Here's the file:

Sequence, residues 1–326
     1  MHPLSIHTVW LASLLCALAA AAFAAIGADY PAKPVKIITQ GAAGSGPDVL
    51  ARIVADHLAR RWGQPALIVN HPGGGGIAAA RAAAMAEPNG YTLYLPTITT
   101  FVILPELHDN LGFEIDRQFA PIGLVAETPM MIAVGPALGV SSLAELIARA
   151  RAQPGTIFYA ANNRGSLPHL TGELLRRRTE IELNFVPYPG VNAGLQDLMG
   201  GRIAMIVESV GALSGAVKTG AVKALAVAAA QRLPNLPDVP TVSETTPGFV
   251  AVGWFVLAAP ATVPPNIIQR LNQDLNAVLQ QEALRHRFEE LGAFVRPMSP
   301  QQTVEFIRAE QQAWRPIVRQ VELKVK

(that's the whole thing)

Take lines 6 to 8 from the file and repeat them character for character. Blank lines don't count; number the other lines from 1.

   201  GRIAMIVESV GALSGAVKTG AVKALAVAAA QRLPNLPDVP TVSETTPGFV
   251  AVGWFVLAAP ATVPPNIIQR LNQDLNAVLQ QEALRHRFEE LGAFVRPMSP
   301  QQTVEFIRAE QQAWRPIVRQ VELKVK